Detailed information on the movement, frequency, spatial extent and composition of surface plumes in the GBR is attained by the use of innovative spatial analysis techniques, which integrate daily river discharge and load, water quality data and remote sensing products (Meta-data Table, link to meta-data).
Figure 4. Maximum extent of the flood plumes over the 2010-2011 wet season.
Key results and messages
Water quality sampling over the past four years under the MMP has been focused on the Burdekin, Fitzroy and Tully catchments. Sampling has also occurred less frequently in the Mackay Whitsunday region and Russell-Mulgrave. Previously to the MMP program, there has been sporadic sampling over a period of 18 years over all the GBR catchments. . Table 1 shows some typical concentrations in the plume waters over the GBR (average of all the historical data from 1991-2010). Plume movement in the GBR can be over a significant proportion of the GBR, as shown in the extent of the 2010-11 plumes (Figure 4).
GBR ecosystems such as coral reefs and seagrass beds are likely to reflect and respond to distinct regional differences in water quality driven by the occurrence and frequency of high river flow periods. The process of transport, delivery, and effect of these higher pollutant concentrations need to be continually measured and monitored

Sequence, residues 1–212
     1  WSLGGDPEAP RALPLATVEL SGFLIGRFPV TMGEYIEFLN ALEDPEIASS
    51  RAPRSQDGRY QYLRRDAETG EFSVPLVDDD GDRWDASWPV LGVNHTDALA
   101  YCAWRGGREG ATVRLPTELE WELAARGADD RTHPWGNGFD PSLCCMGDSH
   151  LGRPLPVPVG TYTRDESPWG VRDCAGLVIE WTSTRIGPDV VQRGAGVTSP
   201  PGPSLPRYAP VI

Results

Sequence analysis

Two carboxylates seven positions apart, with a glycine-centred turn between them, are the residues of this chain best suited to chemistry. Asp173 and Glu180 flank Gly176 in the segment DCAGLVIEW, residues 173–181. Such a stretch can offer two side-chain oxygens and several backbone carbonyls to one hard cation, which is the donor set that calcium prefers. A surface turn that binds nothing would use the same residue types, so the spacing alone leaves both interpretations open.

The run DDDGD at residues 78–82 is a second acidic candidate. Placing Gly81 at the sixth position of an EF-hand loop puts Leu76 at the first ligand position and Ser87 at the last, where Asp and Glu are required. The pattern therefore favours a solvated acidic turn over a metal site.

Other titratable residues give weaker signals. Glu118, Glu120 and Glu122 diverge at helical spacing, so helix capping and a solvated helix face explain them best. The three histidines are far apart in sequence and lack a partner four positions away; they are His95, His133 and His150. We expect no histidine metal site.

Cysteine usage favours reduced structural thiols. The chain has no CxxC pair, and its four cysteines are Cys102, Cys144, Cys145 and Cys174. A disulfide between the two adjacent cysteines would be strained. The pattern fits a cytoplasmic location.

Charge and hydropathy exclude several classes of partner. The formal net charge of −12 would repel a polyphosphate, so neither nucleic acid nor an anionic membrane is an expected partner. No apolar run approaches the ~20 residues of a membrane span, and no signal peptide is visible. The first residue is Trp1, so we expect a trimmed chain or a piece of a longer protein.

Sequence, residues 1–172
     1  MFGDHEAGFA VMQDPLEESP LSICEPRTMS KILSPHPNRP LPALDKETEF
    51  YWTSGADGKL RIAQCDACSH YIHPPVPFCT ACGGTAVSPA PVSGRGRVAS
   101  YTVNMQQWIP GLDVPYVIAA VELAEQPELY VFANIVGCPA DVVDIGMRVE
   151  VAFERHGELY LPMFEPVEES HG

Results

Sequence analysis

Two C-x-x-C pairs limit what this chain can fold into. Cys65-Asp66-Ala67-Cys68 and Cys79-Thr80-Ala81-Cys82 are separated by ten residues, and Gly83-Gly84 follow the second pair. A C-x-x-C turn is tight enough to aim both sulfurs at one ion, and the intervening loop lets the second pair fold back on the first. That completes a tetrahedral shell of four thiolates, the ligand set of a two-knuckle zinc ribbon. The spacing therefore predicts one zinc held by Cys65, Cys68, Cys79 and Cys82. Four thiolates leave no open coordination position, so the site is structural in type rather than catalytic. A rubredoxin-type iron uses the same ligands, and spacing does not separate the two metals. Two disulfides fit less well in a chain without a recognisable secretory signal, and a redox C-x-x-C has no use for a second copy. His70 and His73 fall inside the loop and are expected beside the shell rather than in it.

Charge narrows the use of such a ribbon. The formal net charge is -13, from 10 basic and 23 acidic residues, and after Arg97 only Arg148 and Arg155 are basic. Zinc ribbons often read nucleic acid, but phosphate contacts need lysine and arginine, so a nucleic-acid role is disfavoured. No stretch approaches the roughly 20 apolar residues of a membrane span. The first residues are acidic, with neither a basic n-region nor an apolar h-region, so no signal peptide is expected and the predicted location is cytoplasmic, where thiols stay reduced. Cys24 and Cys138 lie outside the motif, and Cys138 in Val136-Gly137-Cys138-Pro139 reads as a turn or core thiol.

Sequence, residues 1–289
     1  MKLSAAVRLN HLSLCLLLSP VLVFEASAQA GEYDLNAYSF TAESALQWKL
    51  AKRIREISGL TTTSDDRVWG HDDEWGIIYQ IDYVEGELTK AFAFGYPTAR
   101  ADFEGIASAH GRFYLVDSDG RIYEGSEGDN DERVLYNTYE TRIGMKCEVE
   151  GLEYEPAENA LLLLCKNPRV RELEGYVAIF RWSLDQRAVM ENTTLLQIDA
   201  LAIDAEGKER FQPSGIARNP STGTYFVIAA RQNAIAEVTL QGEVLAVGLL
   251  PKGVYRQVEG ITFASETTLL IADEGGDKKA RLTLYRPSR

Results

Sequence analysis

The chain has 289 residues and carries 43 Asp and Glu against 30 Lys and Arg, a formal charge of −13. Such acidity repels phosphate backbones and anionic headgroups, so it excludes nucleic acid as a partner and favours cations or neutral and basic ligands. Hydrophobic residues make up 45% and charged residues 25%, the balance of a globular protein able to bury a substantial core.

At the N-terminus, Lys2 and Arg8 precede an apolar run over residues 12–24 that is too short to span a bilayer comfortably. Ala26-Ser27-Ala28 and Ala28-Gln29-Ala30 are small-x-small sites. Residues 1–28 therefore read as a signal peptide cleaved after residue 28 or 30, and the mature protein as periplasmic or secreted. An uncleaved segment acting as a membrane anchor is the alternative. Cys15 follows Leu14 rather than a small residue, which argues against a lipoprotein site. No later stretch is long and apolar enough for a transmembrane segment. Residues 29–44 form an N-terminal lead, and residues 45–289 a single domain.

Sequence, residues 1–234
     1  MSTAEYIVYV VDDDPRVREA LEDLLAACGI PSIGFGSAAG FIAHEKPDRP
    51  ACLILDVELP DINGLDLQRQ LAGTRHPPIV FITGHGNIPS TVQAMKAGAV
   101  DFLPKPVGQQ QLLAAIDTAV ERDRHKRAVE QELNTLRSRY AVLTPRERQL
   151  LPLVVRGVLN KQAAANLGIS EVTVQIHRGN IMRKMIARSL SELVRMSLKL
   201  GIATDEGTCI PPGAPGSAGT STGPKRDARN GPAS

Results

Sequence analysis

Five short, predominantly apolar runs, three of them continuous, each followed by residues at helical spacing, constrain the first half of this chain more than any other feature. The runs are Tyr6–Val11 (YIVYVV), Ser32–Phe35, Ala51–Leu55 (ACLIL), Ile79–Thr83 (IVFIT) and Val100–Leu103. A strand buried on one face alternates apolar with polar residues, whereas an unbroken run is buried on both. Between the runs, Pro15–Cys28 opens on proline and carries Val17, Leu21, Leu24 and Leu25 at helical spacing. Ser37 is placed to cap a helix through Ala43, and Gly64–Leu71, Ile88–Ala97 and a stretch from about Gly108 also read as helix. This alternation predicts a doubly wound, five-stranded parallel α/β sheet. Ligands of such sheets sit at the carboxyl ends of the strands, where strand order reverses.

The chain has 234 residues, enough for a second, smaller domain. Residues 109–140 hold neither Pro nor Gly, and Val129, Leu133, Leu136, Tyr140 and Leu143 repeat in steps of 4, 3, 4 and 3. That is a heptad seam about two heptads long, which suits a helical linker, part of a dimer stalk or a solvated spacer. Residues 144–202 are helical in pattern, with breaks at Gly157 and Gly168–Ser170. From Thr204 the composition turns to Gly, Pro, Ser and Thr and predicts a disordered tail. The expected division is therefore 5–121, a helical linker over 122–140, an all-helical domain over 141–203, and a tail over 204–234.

|catchment||Salinity||TSS (mg/l)||Chl (ug/l)||DIN (uM)||DON (uM)||TN (uM)||TP (uM)|
Reports from this project
These reports cover the work of this project in detail:
- Flood plume monitoring 2009-2010 (8.7 MB)
- Flood plume monitoring 2008-2009 (4.9 MB)
- Flood plume monitoring 2007-2008 (6.3 MB)
The data collected by this project is described in more detail in the following meta-data record.
Maps in the e-Atlas
Extent of the flood plumes of the Fitzroy, Burnett, Mary and Brisbane Rivers caused by the extensive flooding that occurred in Queensland in December 2010 and January 2011.
Available in e-Atlas web mapping client under: Geography and Environment/QLD: Flood plumes 2011 (JCU)
For more information see QLD - Flood Plumes 2011 (JCU, AIMS)